02.Jun .2022 15:30

North Korea's COVID outbreak 'getting worse': WHO

North Korea's COVID outbreak 'getting worse': WHO
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The World Health Organization on Wednesday cast doubt on North Korea's claims of progress in the fight against a coronavirus outbreak in the reclusive East Asian nation.

Michael Ryan, the head of the emergencies program at the WHO, said they "assume the situation is getting worse, not better."

The North's state agency KCNA reported 96,610 new "fever" cases and no new deaths on Thursday, accounting for a third consecutive official daily tally of fewer than 100,000 cases.

But Ryan said they were not "in a position to make an adequate risk assessment of the situation on the ground" since they didn't "have access to the necessary data."

Pyongyang has also never directly confirmed the number of people who have tested positive for COVID-19, worrying experts about the actual scale of the problem.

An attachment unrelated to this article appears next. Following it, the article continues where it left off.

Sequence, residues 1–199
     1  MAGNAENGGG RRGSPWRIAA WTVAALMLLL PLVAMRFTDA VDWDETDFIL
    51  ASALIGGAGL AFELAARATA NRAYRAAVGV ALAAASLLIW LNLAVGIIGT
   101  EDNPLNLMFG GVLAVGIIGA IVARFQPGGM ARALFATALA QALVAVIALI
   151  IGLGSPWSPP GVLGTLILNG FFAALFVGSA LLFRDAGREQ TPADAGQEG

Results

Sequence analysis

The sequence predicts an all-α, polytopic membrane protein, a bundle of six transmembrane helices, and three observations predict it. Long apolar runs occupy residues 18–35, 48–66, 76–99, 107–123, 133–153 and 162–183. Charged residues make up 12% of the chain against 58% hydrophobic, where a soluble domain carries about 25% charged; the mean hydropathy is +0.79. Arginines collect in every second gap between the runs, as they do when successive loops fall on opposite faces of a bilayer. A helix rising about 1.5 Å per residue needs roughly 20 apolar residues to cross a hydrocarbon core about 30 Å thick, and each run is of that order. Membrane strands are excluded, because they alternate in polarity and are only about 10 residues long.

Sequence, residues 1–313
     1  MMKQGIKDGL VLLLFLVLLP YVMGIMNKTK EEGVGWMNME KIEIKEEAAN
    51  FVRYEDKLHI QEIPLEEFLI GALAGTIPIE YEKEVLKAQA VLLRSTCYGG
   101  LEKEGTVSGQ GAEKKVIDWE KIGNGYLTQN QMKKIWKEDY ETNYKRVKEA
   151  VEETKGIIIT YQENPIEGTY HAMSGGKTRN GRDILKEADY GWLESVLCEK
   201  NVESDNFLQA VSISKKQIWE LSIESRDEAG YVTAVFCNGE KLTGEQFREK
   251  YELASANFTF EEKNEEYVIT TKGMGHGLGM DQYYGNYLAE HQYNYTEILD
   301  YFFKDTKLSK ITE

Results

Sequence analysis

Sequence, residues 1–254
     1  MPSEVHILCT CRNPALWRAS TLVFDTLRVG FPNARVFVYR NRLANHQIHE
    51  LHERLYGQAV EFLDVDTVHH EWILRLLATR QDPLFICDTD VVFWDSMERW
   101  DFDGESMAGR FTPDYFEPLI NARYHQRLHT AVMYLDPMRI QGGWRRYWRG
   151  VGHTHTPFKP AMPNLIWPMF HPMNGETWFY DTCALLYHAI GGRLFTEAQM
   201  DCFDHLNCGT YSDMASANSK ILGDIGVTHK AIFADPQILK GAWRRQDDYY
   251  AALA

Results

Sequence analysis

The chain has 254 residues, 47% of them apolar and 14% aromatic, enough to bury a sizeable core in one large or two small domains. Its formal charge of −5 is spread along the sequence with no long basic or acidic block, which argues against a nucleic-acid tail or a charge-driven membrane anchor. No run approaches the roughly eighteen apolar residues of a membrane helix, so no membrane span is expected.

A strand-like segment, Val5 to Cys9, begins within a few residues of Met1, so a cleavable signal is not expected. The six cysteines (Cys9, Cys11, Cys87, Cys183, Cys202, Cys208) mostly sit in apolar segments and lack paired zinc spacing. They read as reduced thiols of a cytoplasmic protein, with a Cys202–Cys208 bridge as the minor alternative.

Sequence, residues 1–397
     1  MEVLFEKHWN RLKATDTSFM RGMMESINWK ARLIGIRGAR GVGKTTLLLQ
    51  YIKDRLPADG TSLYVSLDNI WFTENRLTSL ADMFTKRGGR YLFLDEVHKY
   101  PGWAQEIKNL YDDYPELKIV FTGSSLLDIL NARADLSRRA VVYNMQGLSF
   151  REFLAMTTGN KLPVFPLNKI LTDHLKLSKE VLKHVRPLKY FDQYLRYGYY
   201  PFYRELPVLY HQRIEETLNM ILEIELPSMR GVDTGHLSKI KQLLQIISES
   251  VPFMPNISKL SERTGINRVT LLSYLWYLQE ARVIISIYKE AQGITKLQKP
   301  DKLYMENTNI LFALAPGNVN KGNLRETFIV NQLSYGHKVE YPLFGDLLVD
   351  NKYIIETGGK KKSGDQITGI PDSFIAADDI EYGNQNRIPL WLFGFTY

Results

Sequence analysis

Concern over North's unpreparedness
The WHO added it was working with the country's neighbors South Korea and China to get an actual picture of the state of affairs and that it continues to offer support with vaccines. The North is not known to have vaccinated its 25 million people.

"We have offered assistance on multiple occasions. We have offered vaccines on three separate occasions. We continue to offer," Ryan said.

North Korea locked down after reporting its first case of COVID-19 earlier in May, with leader Kim Jong Un blasting top officials of his Workers' Party for their "immature response" to the pandemic and the slow delivery of medicines.

In the days after confirming its first COVID outbreak, Pyongyang reported hundreds of thousands of cases of fever, raising alarm among public health experts who worried about the country's unpreparedness to tackle the outbreak.

Meanwhile, KCNA reported that the country has successfully put up a fight against drought and a looming food shortage, with key economic activities like rice farming having picked up pace.

KCNA reported the country had also ramped up a push to supply people with medicines they'd need to protect their life, DW reports.